Archive Page

Davis comes back from semifinals to defeat Hatch and claim Ginky Open title

You'd think that beating Shane Van Boening twice in a tournament would be sufficient grounds to claim an event title, right on the spot. Or taking two against Earl Strickland. Both of those things happened during the $2,500-added Open portion of the Third Annual George "Ginky" Sansouci tournament over Labor Day weekend, but neither of the players who beat Van Boening and Strickland twice made it to the finals. Instead, Mike Davis and Dennis Hatch battled it out, twice, with Davis claiming the title, as Monday night, Labor Day, turned into early Tuesday morning.
 
It was Earl Strickland who got by Van Boening twice, 9-6 both times, sending him to the loss side and then eliminating him from further competition in the matches to determine the tie for seventh place. It was Tom "Shorty" D'Alfonso who sent Strickland west and then downed him in the quarterfinals 9-6. Davis and Hatch, in the meantime, went on their merry way through the field of 61, moving into the winners' side semifinals; Hatch, to play D'Alfonso, and Davis, meeting up with Oscar Dominguez. Hatch sent D'Alfonso over 9-7, as Davis was getting by Dominguez 9-5. Hatch, looking invincible, as he strolled casually around the table in the battle for the hot seat, sent Davis to the semifinals 9-3, and settled in for what turned out to be a three-hour wait for the final match.
 
That wait, caused as much by the lengthy match between Hatch and D'Alfonso, as it was by any delays on the loss side, saw Zion Zvi, waiting on what turned out to be his rematch against D'Alfonso. Zvi had defeated Reggie Cutler 9-4 and Danny Mastermaker 9-5. Strickland, in the meantime, also sent west by D'Alfonso, got by Tony Robles 9-4 and chalked up his second against Van Boening. Once Davis had sent Dominguez west in the winners' side semifinal, Dominguez and Strickland got right underway. Zvi waited, and waited and waited.
 
Strickland waited, too. He eliminated Dominguez 9-7 and watched D'Alfonso take care of Zvi 9-3. The hot seat match took center stage on the InsidePool.tv/NYCGrind table, as Strickland and D'Alfonso met in the quarterfinals. D'Alfonso got by Strickland a second time 9-6, and turned to face Mike Davis in the semifinals.
 
It proved to be more of a struggle than anyone had expected. D'Alfonso came out gunning, and was ahead by four 7-3 in short order. Davis, though, wasn't done, and chalked up four in a row to tie things. They battled twice to reach double hill, but it was Davis, earning his second crack at Hatch.
 
It was a noticeably tall final. The table touched both men at the knees.
"Yeah," said Davis later, "someone said that we both looked like we were in the same weight class."
 
Both were tired, both were methodical and though Hatch would take an early 2-0 lead (assisted by Davis scratching on the opening rack), Davis came right back to tie it. Both men were committing an uncharacteristic number of unforced errors, and rarely broke and ran.
 
"It was a fatigue issue, for sure," said Davis of the match that went past 2 a.m.
 
Davis kept pulling out in front, but Hatch kept battling. About midway through the extended race to 15, Davis had a two-game lead (8-6), which Hatch couldn't close and by the end of the match, had doubled. Davis won it 15-11, to become the third champion of the George "Ginky" Sansouci Memorial Tournament.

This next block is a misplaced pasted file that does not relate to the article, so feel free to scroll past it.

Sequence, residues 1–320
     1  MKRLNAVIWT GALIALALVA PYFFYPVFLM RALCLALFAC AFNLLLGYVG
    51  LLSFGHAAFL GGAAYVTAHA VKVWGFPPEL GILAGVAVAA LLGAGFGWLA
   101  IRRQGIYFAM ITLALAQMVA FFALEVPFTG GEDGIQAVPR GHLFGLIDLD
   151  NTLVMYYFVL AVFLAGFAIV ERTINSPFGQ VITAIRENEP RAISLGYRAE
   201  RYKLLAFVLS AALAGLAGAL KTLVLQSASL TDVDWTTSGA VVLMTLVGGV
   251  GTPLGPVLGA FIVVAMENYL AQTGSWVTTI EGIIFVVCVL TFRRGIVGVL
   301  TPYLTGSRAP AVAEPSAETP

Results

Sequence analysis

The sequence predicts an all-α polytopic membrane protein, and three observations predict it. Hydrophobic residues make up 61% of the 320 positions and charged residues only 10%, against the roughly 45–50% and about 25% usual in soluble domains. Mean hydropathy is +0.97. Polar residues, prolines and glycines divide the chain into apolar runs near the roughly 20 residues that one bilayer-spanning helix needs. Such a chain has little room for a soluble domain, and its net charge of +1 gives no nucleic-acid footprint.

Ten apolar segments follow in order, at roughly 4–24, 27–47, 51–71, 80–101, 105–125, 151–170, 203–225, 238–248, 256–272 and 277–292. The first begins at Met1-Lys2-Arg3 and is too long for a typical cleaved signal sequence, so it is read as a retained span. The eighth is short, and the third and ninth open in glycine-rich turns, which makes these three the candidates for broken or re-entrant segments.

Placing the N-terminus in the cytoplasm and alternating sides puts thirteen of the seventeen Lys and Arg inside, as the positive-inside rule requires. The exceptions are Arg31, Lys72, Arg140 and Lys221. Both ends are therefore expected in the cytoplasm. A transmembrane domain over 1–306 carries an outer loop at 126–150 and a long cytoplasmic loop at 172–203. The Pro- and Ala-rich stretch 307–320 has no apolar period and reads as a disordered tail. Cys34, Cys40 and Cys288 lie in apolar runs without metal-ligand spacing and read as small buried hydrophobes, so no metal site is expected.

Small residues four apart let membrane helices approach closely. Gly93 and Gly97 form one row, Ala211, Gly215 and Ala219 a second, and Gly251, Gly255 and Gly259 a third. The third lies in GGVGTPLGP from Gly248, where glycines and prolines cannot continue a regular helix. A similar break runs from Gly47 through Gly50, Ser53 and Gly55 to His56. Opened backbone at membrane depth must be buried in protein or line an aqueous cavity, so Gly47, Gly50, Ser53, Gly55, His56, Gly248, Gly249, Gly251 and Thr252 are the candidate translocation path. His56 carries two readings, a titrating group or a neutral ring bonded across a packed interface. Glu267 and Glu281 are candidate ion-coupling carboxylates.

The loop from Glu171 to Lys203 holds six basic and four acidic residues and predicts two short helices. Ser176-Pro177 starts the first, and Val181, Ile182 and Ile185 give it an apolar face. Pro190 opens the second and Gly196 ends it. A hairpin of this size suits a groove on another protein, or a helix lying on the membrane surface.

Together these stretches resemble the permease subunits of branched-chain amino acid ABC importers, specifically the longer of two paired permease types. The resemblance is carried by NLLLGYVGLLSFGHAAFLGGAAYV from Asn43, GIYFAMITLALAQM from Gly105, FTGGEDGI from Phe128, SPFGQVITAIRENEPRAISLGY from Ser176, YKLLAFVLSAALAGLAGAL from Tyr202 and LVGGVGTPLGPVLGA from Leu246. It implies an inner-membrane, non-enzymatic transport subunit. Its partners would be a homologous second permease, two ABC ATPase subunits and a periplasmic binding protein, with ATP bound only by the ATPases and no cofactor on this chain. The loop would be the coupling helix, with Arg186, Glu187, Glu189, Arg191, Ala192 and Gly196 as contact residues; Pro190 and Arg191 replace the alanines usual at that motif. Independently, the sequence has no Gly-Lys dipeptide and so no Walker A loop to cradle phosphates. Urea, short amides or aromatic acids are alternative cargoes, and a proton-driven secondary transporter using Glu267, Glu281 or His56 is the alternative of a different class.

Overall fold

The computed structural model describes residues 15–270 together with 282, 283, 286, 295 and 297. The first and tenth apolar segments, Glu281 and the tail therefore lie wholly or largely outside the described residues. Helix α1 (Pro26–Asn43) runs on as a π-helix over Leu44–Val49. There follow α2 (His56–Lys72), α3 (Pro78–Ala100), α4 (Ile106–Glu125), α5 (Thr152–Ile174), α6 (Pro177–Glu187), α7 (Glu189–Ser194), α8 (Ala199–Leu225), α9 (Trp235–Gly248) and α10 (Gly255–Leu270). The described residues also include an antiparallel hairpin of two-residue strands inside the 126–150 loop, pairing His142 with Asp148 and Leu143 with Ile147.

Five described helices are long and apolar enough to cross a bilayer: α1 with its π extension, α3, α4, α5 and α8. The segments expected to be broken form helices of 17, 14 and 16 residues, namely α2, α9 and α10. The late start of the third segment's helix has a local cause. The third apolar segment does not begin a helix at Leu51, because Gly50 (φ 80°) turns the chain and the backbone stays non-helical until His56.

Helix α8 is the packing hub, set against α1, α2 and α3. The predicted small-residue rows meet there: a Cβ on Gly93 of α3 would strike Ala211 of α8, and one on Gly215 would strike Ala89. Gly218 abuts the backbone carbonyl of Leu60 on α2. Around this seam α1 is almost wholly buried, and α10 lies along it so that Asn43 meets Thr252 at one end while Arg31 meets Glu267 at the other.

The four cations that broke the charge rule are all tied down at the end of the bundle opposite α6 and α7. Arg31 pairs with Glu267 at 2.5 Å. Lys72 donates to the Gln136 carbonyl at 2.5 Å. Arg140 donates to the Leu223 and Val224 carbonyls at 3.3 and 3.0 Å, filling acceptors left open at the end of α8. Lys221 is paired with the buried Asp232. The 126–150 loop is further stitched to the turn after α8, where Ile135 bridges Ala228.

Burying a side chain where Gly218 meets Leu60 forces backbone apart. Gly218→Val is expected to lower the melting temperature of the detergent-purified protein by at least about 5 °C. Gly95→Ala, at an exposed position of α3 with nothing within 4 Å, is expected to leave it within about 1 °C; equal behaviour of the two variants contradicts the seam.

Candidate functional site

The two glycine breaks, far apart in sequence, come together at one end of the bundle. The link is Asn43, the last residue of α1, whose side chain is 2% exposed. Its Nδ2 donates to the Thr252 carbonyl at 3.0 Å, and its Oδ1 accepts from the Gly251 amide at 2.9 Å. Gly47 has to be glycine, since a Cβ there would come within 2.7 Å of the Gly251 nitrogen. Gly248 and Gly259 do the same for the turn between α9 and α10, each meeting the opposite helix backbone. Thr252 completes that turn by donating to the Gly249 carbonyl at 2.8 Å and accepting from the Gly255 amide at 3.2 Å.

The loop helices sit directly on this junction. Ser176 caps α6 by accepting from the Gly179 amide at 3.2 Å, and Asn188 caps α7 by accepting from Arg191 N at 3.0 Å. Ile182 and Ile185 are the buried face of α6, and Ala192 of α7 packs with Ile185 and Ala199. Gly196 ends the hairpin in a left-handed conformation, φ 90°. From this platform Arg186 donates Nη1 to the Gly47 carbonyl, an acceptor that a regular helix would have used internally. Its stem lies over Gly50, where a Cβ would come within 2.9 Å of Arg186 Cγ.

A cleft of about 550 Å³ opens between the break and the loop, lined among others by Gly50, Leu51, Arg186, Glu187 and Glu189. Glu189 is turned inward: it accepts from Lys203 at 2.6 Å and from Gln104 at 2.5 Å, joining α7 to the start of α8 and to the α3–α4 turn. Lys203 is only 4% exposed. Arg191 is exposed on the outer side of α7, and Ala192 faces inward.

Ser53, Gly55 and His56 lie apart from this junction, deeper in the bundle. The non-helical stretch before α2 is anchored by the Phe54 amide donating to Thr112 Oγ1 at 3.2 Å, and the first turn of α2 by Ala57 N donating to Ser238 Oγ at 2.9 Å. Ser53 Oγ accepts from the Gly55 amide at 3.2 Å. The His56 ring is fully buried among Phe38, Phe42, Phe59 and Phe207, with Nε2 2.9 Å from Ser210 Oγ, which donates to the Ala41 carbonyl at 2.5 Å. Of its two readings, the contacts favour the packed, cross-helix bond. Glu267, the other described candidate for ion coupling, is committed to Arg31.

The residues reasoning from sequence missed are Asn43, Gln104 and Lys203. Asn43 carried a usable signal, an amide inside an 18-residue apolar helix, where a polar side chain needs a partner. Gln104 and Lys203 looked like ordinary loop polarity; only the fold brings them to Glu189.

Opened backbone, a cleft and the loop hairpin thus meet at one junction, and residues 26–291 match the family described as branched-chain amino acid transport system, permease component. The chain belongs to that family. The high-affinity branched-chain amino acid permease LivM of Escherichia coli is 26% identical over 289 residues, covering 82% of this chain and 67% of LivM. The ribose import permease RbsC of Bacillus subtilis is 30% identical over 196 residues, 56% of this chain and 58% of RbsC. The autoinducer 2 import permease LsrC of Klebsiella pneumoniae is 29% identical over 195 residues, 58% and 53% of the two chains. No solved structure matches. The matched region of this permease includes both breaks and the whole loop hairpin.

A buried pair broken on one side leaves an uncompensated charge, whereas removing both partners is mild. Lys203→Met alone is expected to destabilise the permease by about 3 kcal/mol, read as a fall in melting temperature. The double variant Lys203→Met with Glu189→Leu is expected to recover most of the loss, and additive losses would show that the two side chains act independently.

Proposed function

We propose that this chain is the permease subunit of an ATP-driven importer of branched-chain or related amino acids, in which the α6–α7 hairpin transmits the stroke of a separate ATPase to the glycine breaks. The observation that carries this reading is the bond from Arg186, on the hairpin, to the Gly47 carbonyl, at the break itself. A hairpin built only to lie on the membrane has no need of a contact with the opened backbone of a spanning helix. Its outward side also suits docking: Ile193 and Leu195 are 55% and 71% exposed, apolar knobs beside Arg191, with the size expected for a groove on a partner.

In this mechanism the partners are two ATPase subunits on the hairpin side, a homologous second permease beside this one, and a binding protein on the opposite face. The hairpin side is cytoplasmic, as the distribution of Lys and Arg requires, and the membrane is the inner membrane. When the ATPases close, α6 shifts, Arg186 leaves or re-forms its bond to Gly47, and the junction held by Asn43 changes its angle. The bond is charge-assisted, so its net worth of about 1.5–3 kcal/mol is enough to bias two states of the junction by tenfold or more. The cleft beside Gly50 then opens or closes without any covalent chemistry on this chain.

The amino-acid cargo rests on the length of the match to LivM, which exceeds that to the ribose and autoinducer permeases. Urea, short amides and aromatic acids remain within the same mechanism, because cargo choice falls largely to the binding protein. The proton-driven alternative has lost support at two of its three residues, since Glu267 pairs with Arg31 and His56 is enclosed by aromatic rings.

Davis confirmed that he was taking a step away from the tables, but not, he said, completely. He is actively seeking a full-time job and was awaiting word about a job interview he'd been given in Myrtle Beach, SC.
 
"I'm not really retiring," he said, "just backing away from the touring a little bit."
 
Like many, Davis took note of the way in which the New York contingent of players competing in the Ginky Memorial felt about the tournament's namesake.
 
"I played him a couple of times," said Davis, "People liked him as a pool player, but people liked him as a person, too. He conducted himself in a better manner (than a lot of other players), and people are proud of him."
 
The event was a combined effort by the Predator, Tri-State and Mezz Pro Am Tours, who, for the third straight year, worked together seamlessly to keep both the Amateur and Open events moving; a tip of the hat to John Leyman as the de facto ringmaster. For the first time in event history, it was hosted by Steinway Billiards, which was the recipient of almost universal acclaim for its hospitality. When it was over, in the early hours of Tuesday, September 3, it also brought a few weeks of virtual non-stop broadcasting by the combined efforts of InsidePool.tv and NYCGrind to a close. Between the 14:1 Straight Pool Championships, the Steinway Classic and the Ginky Memorial, the producers, announcers, and to some extent, a regular crew of viewers, some of whom identified themselves via the chat room, had been on-air since August 19. The events played host to a continuing stream of the best players in the world, and a growing audience of its most ardent fans, tuning into the live stream. 
 
Prior to the start of the final match, a video produced and directed by NYCGrind's Jerry Tarantola, highlighted the career of George "Ginky" Sansouci, and for many on hand, refocused attention on his legacy (visit NYCGrind.com to see it). It is a legacy that Tony Robles, a close friend of Ginky's, said he will work at maintaining until the day he dies.